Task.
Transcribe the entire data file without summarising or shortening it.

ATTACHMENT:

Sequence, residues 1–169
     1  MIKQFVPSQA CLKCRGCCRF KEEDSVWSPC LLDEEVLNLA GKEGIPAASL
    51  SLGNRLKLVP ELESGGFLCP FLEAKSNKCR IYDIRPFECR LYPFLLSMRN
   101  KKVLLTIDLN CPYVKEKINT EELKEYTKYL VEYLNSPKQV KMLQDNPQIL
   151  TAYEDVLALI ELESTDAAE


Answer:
Sequence, residues 1–169
     1  MIKQFVPSQA CLKCRGCCRF KEEDSVWSPC LLDEEVLNLA GKEGIPAASL
    51  SLGNRLKLVP ELESGGFLCP FLEAKSNKCR IYDIRPFECR LYPFLLSMRN
   101  KKVLLTIDLN CPYVKEKINT EELKEYTKYL VEYLNSPKQV KMLQDNPQIL
   151  TAYEDVLALI ELESTDAAE